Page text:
So here was Evan Mathis, free-agent guard, looking for work last month in the middle of the most frenzied free-agent market in NFL history. He'd told his agent he wanted to go somewhere and be a starter. His agent told him the Philadelphia Eagles were interested. Mathis ran through their linemen in his head and was interested but not convinced.
"Would you please have Howie Roseman call me?" Mathis asked his agent.
A short time later, Mathis told me in a phone interview Thursday, the Eagles general manager did call him. And this was the message he delivered about the team's plans for the offensive line:
"He said, 'We're ready to win, we're going to be selfish about it and we're going to play the best five guys'," Mathis said. "That was enough for me. I came in with the intention of proving I was one of the best five."
Mathis knew the Eagles were planning to start first-round pick Danny Watkins at right guard, that injuries had left things unsettled at right tackle and that either he or the starting left guard, Todd Herremans, could move to tackle if need be. The Eagles were a team, Roseman had told him, that wasn't going to worry about people's feelings. Just because someone is the first-round pick doesn't automatically means he plays. It's Super Bowl or bust for the Eagles this season, and that's why the line has undergone so many changes already before a game has even been played.
Contrary to the early-August plans, it now appears as though Mathis will start at left guard and Herremans at right tackle in Sunday's season opener in St. Louis. It also appears as though sixth-round pick Jason Kelce will start at center and first-round pick Watkins will not start at guard, having been demoted this week in favor of newly signed veteran Kyle DeVan. Watkins' demotion is the clearest evidence yet that what Roseman told Mathis was true.
"I think a lot has been expected of Danny because he's the first-round draft pick," Mathis said. "But I see a guy who's built to play football, a very smart guy who's tough and physical, and I think Danny's going to be fine."
But it appears he'll need more time before he can crack this starting line, which is charged with the tasks of learning the aggressive new blocking schemes taught by new line coach Howard Mudd and protecting their slippery and mobile quarterback, Michael Vick.
"Whoever's back there, you're not really thinking about who it is. You just have to keep him clean," Mathis said. "The way he plays, sometimes it might just mean we have to roll out with him if he's doing that. Howard's scheme might work well with a quarterback like Michael Vick."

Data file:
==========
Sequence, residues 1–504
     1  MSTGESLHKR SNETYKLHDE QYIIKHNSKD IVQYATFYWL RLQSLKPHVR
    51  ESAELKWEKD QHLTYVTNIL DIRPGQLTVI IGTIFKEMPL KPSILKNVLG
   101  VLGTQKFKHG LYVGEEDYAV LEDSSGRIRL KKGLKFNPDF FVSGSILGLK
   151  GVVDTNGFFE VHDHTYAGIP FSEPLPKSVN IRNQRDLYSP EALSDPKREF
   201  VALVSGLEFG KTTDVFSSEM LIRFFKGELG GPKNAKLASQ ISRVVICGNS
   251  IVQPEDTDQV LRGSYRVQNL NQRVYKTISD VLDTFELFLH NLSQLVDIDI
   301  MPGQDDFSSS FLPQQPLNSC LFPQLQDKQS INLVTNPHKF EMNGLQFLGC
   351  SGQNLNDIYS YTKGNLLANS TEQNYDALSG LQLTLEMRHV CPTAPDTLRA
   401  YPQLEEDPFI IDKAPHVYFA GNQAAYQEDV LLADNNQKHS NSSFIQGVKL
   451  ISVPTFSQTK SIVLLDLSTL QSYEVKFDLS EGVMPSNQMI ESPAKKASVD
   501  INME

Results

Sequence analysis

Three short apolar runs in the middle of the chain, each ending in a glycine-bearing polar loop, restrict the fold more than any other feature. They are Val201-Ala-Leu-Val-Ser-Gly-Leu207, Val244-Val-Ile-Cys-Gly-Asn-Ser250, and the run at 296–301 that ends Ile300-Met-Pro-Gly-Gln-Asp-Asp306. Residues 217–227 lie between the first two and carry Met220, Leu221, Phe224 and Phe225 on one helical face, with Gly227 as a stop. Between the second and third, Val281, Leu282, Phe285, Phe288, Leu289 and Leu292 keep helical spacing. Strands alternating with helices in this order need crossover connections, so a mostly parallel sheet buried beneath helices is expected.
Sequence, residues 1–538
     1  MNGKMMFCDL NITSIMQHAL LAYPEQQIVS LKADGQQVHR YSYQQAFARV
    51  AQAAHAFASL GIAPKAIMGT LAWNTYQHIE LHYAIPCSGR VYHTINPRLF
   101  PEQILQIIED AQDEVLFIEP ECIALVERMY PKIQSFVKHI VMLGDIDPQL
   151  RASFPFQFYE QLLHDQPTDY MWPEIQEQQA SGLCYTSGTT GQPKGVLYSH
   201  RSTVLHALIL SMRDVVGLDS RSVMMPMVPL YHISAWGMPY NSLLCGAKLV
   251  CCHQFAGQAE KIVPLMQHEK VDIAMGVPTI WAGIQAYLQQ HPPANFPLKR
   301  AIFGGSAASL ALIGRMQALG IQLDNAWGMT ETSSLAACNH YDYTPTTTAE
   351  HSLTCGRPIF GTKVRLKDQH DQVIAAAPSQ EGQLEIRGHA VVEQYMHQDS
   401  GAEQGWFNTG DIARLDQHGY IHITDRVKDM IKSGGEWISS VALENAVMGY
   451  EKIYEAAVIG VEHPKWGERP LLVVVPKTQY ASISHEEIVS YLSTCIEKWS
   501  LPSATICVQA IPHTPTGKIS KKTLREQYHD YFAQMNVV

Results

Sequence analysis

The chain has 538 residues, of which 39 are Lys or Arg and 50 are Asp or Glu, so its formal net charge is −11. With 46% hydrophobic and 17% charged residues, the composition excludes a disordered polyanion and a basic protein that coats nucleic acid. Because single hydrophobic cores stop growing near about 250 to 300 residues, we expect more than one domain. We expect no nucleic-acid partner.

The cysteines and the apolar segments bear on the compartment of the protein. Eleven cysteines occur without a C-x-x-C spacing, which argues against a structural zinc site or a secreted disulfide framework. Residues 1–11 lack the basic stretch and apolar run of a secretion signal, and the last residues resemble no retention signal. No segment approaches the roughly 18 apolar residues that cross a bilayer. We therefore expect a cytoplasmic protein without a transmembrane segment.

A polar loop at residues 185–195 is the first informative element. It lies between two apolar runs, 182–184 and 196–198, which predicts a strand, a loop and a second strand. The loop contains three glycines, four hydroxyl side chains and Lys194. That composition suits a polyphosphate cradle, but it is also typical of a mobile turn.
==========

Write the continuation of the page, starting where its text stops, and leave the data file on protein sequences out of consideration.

That's because Mudd picks quick, athletic linemen and teaches them to get out, push forward and block aggressively -- a scheme designed to dramatically increase the room in which the players behind the line have to work.
"Some of his techniques I've seen a lot of other places and seen a lot of other coaches use them, but not as much as Howard," Mathis said. "It's much more aggressive, but it works. The things he does work. And once you've done it enough times, you realize why it works."
It's got to work quickly, but Mathis isn't as worried as some on the outside are. I asked him if he thinks Kelce is going to be continuing his learning process during the regular season, and he said not as much as you'd think since there's been so much more focus on teaching and learning in this training camp than there usually is. Plus, he really likes Kelce.
"Very smart kid, very naturally talented, a lot of quickness," Mathis said when asked for the Kelce scouting report. "I think he came into college as a linebacker, and I think if he dropped 30 pounds, he could be a linebacker again. Plus, he's a smart, witty guy. Centers are usually like that. Centers are usually the only ones I think can compete with me in Words With Friends."
Nice to know they're all coming together. Maybe Sunday will bring about a more successful edition of "Block With Friends" than we saw from the Eagles' offensive line in the preseason.